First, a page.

(And no, I am NOT saying Sanchez was the best player out of that group. Just pointing out that as passing numbers go up, fan dissatisfaction seems to go down.)

31
by Blykmyk44 :: Tue, 01/05/2016 - 11:36pm

1) I would imagine that one reason is that there are more passing attempts and fans discount the 3 yard pass as mattering. So if a guy like Stanton makes four three yard passes and then throws the horrible INT to Earl Thomas you remember the really bad pass.

2) I would also imagine that it comes down to comparison to other QBs. Elway had similar numbers but in that era those numbers were way better as compared to his peers. So, you enjoyed his play because the QB play from other guys was even worse

33
by tuluse :: Wed, 01/06/2016 - 12:59am

Fans can see how hard something is. The degree of difficulty for Fouts was much higher than it is for Sanchez in 2015.

I think people think QB sucked this year because of a lack of QBs player better than their peers.

Comparing a single season to a career is misleading. Yeah Fouts sucked when he was young, and he sucked when he was too old. At the height of his power, he had 7+ ANY/A 4 times in 5 years. Sanchez's career best is 6.18—that's last year.

So yeah, it did suck to watch 1973 Dan Fouts and it sucks to watch 2015 Mark Sanchez.

Finally, passer rating sucks as a stat :)

32
by Perfundle :: Tue, 01/05/2016 - 11:37pm

It could because the QBs are making less challenging passes that end up going further because of great scheme or poor tackling. People aren't as impressed by a 40-yard gain off of a pick play compared to a pinpoint strike downfield, and none of the elite three of Rodgers, Brady and Manning were good at the latter this year.

34
by tuluse :: Wed, 01/06/2016 - 1:00am

Most pick plays aren't leading to 40 yard gains (which would be impressive). It's mostly a steady stream of nigh-on-unstoppable 5-15 yard gains.

35
by Perfundle :: Wed, 01/06/2016 - 1:55am

A 40-yard gain off of a pick play followed by horrible tackling then. Take this play, for instance:

http://a.video.nfl.com/films/2015/GAME_HIGHLIGHT/in-game-highlight/NFLCO...

Seattle didn't execute the screen very well, and it should have been a 5-yard loss. Instead it turns into a 22-yard gain because of multiple whiffs. Some of the poor technique is about trying to make the highlight reel, but it seems like defenders don't have enough patience these days and simply charge in a straight line. It's better to stay in front of the ball-carrier (assuming no one is in a position to block you) and make him hesitate long enough for the cavalry to arrive.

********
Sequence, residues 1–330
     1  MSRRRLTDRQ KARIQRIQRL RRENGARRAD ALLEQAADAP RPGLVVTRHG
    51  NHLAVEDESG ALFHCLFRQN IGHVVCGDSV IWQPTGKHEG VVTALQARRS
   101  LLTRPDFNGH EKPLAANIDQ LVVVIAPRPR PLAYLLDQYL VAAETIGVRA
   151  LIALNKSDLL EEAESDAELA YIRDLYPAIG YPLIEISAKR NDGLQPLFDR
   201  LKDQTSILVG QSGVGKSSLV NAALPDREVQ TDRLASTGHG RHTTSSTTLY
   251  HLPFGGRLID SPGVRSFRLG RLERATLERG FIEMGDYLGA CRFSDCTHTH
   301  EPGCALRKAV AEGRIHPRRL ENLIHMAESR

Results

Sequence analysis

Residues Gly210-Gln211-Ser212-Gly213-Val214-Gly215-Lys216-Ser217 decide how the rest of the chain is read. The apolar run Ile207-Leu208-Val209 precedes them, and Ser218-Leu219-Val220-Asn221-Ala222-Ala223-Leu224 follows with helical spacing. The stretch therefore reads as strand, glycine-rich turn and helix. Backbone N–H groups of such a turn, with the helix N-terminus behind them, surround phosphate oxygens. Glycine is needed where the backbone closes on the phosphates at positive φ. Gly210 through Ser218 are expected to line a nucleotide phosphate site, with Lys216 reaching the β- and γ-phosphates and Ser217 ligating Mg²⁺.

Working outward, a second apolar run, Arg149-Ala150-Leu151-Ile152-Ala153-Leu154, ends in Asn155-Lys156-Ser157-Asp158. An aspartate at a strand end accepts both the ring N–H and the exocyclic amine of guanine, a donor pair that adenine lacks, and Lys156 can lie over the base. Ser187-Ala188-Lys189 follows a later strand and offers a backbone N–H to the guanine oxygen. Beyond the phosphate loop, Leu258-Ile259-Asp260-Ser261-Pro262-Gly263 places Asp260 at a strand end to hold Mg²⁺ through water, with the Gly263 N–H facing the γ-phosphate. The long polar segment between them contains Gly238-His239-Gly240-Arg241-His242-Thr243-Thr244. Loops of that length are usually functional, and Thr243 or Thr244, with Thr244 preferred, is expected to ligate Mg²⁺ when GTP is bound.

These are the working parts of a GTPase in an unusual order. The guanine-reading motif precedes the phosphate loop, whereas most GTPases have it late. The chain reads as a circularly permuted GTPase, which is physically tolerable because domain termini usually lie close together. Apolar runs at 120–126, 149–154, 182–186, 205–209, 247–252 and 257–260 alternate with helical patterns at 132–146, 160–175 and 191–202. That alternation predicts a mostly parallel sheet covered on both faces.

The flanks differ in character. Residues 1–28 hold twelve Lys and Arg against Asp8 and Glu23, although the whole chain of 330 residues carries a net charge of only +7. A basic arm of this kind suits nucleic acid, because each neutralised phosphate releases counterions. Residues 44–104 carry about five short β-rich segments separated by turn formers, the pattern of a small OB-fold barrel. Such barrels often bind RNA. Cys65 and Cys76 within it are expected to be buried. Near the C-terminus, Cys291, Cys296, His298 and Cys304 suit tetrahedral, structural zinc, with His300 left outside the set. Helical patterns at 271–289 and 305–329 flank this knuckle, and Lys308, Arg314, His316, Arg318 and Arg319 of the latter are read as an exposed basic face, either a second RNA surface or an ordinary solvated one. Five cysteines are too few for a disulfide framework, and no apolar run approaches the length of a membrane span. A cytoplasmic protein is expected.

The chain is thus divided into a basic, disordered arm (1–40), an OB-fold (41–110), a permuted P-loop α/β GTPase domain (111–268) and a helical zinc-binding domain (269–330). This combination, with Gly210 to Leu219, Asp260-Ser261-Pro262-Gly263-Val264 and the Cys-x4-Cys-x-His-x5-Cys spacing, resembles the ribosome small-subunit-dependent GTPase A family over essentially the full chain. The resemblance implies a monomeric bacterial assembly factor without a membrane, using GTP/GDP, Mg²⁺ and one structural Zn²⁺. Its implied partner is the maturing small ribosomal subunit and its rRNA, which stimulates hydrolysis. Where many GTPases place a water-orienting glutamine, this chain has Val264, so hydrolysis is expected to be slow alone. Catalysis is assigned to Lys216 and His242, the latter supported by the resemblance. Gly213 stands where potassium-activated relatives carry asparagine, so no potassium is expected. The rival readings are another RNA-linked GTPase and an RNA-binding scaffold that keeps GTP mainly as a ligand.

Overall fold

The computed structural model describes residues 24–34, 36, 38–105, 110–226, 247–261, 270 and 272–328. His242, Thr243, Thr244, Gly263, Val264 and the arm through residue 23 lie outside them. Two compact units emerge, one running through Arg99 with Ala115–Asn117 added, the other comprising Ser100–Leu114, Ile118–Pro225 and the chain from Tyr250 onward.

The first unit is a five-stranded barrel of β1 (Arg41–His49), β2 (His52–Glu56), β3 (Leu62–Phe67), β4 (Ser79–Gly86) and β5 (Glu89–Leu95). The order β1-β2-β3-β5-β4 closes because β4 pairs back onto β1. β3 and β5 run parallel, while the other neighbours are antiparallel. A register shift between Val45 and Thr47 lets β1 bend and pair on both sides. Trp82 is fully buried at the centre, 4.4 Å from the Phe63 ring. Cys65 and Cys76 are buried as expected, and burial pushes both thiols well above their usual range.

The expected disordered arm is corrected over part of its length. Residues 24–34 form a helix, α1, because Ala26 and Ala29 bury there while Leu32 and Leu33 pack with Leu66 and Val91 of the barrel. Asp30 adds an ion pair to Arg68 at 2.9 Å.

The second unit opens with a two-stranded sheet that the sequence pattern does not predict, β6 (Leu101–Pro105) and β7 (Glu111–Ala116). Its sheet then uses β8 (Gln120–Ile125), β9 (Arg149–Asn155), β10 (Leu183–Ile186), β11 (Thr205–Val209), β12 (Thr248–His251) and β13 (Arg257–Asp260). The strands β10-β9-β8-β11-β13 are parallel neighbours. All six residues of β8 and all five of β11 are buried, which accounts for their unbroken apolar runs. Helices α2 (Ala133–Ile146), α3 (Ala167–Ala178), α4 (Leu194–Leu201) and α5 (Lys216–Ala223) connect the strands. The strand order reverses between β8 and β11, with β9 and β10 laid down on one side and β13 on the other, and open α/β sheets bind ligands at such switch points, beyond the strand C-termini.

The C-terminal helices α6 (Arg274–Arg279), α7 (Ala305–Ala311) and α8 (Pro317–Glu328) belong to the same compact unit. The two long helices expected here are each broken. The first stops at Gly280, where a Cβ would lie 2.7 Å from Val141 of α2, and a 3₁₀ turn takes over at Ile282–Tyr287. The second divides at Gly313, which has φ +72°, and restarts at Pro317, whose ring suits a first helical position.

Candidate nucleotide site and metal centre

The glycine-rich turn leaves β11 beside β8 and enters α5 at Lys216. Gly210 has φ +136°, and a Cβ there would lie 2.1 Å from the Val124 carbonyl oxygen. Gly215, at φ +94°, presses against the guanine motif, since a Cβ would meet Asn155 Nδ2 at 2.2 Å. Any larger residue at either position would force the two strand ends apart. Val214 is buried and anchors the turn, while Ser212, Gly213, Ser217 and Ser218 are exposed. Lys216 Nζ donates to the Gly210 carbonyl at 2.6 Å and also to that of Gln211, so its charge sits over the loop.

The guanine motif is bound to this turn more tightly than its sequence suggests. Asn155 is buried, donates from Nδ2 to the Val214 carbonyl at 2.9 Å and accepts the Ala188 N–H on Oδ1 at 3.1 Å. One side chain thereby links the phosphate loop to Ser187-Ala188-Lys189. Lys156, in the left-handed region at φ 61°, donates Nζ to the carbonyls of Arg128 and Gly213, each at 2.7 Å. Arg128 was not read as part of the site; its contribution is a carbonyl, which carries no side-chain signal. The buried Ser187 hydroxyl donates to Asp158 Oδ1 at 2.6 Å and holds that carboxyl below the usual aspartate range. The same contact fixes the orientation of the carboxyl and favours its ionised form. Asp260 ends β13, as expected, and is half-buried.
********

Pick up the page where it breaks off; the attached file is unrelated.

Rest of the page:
36
by tuluse :: Wed, 01/06/2016 - 2:09am

1) That's a screen pass, not a pick play.

2) That was an impressive, exciting play.

3) It's 22 yards, not 40+.

4) Even if it had been a pick play that had gone for 40, that wouldn't refute what I said at all. I clearly couched everything in "mosts". Are either the rate or total number of 40 yard pass plays up this year?

37
by theslothook :: Wed, 01/06/2016 - 2:27am

I would argue the majority of the passing explosion has been the result of short passes and passes over the middle of the field. The latter was probably an inevitable innovation, the former is a function partially of rule changes. The Patriots exploit this to an extreme extent.

As a fan of football, I really dislike how the short passing game has become so prominent in the nfl. It has greatly inflated the stats of qbs while simultaneously altered the risk reward tradeoff of throwing medium and deep. And I say this as a fan of Manning, whos renaissance was made possible in part by the short passing game.

Frankly - look at pittsburgh or arizona. To build a medium throwing scary offense, not only do you need a good qb, you need a decent to good o line and a solid to good set of receivers. To Run NE's offense, you need a good short throwing qb but really only one really good receiver and a decent to even poor o line. ThE LATter of which nearly replicates the scoring efficiency of the fomer with 1/10 the risk of ints and sacks. Frankly speaking, I wondered why more teams didn't go the route of ne and the answer is ...they have. Short passes are up across teh league while sacks and ints are down. Until defenses really learn/never learn to stop short passing...this will continue.